Gilles A. Tiberghien
No. 103-104 – spring-summer 2013

The Imaginary Cartographic World in Contemporary Art 1

Art and cartography have been interwoven for a very long time, perhaps as far back as the very beginnings of cartography. Medieval T and O maps were often richly ornamented, as were the portolan charts that appeared in the 13th century;2 indeed Renaissance artists often took part in creating these maps. Today, at a time when artists have largely distanced themselves from this activity — as they have done for centuries — interest in cartography nonetheless has greatly increased in the art world since the 1970s, together with what we call conceptual art in the broad sense.3

In fact, artists are re-examining cartography procedures. They stress the problems that cartographers, in the regular exercise of their profession, stop noticing because they are too focussed on producing reliable instruments for positioning oneself in space and evaluating the distance between particular places. However over the last thirty years, geographers have taken a lively interest in cartographic activity, in what Anglo-Saxons call “mapping,” to some extent shifting their analyses more towards processes than objects.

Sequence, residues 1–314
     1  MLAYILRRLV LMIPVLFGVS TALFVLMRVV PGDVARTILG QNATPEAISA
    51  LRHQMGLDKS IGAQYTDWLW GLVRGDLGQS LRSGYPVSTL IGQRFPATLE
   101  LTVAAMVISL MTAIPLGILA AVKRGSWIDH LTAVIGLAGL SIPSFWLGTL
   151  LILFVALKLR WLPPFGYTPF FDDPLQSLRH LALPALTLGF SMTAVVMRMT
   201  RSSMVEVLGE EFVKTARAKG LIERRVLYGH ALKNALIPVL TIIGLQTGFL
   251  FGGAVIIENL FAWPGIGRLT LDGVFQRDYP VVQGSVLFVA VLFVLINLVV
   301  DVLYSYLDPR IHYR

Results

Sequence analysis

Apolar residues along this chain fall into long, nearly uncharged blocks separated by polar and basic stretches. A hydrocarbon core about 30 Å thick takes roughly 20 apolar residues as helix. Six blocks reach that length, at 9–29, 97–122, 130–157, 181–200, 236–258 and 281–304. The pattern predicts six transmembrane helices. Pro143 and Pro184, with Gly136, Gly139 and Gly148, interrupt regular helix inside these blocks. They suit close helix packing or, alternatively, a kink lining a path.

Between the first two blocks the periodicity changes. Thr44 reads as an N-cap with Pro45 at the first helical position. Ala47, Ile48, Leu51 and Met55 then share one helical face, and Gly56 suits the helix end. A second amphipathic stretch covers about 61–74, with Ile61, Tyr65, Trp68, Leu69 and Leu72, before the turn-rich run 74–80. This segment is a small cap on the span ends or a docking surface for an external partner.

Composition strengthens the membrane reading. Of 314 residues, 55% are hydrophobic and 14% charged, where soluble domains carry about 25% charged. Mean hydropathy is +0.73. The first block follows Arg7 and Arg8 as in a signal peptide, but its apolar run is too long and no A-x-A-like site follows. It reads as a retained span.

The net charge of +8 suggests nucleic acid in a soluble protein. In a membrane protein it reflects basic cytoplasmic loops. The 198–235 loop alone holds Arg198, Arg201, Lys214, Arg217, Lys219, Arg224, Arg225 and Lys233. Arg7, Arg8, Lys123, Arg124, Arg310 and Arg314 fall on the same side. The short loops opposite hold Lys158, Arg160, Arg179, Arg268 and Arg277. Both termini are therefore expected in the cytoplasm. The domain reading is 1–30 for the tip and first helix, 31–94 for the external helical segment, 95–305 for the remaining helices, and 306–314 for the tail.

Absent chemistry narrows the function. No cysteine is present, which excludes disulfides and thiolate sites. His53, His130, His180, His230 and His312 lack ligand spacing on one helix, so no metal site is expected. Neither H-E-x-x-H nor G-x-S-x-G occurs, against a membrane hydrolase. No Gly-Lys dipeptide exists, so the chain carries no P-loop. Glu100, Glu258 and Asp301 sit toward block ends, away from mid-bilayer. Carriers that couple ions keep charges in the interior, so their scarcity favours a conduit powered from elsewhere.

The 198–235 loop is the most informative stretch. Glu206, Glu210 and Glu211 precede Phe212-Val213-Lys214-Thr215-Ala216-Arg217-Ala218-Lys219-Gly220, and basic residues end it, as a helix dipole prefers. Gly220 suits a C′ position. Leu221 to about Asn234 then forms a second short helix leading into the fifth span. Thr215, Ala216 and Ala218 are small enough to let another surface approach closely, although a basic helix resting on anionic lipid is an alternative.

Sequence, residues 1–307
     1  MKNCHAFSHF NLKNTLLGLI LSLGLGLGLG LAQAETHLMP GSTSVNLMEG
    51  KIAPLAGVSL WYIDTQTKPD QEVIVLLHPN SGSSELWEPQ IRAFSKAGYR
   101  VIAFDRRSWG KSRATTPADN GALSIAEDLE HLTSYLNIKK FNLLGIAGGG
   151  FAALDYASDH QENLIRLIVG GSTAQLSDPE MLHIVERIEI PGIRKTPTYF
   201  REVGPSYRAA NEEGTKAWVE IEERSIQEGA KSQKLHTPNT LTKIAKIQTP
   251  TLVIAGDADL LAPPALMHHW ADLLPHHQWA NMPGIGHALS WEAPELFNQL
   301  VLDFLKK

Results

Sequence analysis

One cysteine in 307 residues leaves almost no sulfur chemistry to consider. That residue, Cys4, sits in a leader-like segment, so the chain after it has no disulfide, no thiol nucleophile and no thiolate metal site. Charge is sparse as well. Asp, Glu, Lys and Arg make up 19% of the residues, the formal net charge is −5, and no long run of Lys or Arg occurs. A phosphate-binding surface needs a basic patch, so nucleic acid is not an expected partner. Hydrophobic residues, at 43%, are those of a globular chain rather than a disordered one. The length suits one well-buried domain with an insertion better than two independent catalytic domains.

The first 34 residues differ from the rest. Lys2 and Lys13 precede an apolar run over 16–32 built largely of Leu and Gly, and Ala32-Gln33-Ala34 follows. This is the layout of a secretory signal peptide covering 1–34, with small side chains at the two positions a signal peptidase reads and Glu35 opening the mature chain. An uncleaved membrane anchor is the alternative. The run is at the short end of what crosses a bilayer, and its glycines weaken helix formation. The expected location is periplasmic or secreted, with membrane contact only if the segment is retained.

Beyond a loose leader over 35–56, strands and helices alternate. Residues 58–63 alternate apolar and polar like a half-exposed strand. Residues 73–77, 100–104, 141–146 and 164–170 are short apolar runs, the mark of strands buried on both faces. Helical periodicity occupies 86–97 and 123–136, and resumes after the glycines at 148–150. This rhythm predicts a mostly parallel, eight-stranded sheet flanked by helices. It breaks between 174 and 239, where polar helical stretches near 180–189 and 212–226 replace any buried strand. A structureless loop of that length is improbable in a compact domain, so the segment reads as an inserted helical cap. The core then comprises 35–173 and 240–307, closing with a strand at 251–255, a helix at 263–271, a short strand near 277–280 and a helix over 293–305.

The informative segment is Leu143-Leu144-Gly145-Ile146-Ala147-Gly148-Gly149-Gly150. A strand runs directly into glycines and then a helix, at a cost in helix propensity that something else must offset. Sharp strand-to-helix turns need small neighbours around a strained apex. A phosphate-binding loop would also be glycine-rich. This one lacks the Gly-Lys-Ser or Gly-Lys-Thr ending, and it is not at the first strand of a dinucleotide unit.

Meanwhile, contemporary artists have considered the map, on one hand, for its pictorial and semantic complexity (Jasper Johns, Pierre Alechinsky, etc.) and on the other, as a means of “documenting” ephemeral actions and for locating hard-to-access works of certain Land Artists (Robert Smithson, Nancy Holt, Dennis Oppenheim or Richard Long), but they have done so in order to subvert it, and explore all of its possible uses.

This dual interest follows the complex nature of maps, being neither completely

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